1970 Frank H. Murkowski 35,947 44.9% N. J. Begich 44,137 55.1%
1972 Don Young 41,750 43.8% N. J. Begich (inc.) 53,651 56.2%

Personal life[edit]

Nick Begich had six children, named Mark, Nichelle, Tom, Stephanie, Paul, and Nick Jr. His son Mark Begich is currently the junior U.S. Senator from Alaska. Mark won this position after defeating the Republican Party's longest serving Senator, Ted Stevens, who was killed in a plane crash nearly two years later.

Nick's brother Joseph Begich served 18 years in the Minnesota House of Representatives from their hometown of Eveleth.[11]

Nick Begich's widow, Pegge Begich, ran for the House of Representatives seat in 1984 and 1986, but she was defeated by the incumbent, Mr. Young. She is now retired and lives in Nevada. Their eldest son, Nick Begich, Jr., has been twice elected as the president of both the Alaska Federation of Teachers and the Anchorage Council of Education.[12] He is also a noted conspiracy theorist, concentrating on the High Frequency Active Auroral Research Program. He authored the research book Angels Don't Play this H.A.A.R.P. and appeared on the TV show Conspiracy Theory.[13][14]

References[edit]

  1. ^ Thomas Merton, Thomas Merton in Alaska: Prelude to the Asian Journal; the Conferences, Journals and Letters, 1988, page 64
  2. ^ Northwest Digital Archives, Guide to the Nick Begich Papers, 1960-1973: Biographical Note, retrieved June 2, 2014
  3. ^ Begich, Tom. (2006-04-30). "Tom Begich: Politics first – Part of growing up in a political family with a man who was a workaholic was I didn't know my father." at the Wayback Machine[dead link] Interviewed by Judy Ferguson. Anchorage Daily News. Retrieved on 2007-04-04. Tom Begich says of his father, "Until I was nearly 12, I grew up with a man who was a legend, the son of Croatian immigrants, but who disappeared Oct. 16, 1972, into the clouds."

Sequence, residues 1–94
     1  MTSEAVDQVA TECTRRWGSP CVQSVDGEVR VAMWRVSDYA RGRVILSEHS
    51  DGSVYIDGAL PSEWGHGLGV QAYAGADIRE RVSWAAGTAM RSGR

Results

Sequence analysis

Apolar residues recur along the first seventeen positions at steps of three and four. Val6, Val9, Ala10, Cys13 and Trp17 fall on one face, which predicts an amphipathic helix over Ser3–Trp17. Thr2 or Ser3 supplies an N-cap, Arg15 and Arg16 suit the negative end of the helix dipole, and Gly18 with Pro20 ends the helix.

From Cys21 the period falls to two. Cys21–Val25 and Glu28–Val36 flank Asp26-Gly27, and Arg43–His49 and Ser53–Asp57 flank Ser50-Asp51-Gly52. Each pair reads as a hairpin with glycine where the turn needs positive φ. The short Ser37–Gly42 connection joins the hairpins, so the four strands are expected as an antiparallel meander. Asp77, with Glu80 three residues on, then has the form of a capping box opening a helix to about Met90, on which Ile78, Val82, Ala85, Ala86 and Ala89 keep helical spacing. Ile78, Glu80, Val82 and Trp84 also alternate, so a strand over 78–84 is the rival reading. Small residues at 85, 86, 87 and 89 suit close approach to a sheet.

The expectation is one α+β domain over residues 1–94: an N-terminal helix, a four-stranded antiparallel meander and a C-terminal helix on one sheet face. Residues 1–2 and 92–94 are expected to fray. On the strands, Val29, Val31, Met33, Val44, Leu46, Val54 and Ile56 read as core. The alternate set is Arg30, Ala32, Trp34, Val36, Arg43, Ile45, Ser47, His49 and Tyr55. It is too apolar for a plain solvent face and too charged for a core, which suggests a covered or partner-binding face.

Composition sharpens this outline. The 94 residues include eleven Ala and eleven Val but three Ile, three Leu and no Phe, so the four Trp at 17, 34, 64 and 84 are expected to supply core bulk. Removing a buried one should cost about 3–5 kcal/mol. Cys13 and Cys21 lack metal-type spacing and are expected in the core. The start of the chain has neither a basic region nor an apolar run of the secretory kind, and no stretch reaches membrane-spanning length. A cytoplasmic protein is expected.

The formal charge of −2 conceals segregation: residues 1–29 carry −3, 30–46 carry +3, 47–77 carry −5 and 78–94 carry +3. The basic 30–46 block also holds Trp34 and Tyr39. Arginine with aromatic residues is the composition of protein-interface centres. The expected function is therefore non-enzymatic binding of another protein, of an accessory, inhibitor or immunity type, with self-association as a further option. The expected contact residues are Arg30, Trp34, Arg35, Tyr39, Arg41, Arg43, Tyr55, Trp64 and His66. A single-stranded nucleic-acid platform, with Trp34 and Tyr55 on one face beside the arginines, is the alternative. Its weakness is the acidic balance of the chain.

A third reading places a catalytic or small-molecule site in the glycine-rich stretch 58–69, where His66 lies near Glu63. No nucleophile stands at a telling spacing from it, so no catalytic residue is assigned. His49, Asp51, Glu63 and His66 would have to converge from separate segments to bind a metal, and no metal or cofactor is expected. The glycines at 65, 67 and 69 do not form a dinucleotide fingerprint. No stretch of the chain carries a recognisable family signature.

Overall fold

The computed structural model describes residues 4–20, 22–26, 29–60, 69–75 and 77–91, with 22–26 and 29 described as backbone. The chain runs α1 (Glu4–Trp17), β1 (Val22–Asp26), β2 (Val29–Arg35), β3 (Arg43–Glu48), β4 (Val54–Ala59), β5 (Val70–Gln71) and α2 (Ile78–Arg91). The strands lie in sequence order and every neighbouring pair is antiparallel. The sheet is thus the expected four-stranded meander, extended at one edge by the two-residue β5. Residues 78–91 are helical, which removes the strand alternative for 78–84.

4. ^ http://freepages.genealogy.rootsweb.ancestry.com/~battle/senators/begich.htm
  5. ^ U.S. Government Printing Office, [U.S. Government Printing Office Memorial Services Held in the House of Representatives and Senate of the United States: Together with Tributes Presented in Eulogy of Nick Begich, Late a Representative from Alaska], 1973, page 52
  6. ^ National Water Resources Association, Water Life magazine, Volume 35, 1976, page 38
  7. ^ Stephen M. Brent, Research Institute of Alaska, Inc., The Alaska Survey and Report, 1970-1971, Volume 2, 1970, page 245
  8. ^ "Hale Boggs — Missing in Alaska". Famous Missing Aircraft. Check-Six. Retrieved 2007-04-15. 
  9. ^ Washington State Department of Transportation, Emergency Locator Transmitters (ELTs), Source: October 2000 Civil Air Patrol News, retrieved June 2, 2014
  10. ^ "Election Statistics". Office of the Clerk of the House of Representatives. Retrieved 2008-10-24. 
  11. ^ Minnesota State Legislature, Biography, Joseph R. Begich, retrieved June 2, 2014
  12. ^ Earthpulse Press, Biography, DR. Nick Begich, retrieved June 2, 2014
  13. ^ Dr. Nick Begich and Jeane Manning, The Military's Pandora's Box, retrieved June 2, 2014
  14. ^ Kimberly Trew, Koldcast TV, Why Jesse Ventura is Talking About Super-Secret HAARP, retrieved June 2, 2014

External links[edit]

United States House of Representatives
Preceded by
Howard W. Pollock
Member of the U.S. House of Representatives
from Alaska

January 3, 1971 – October 16, 1972
Succeeded by
Don Young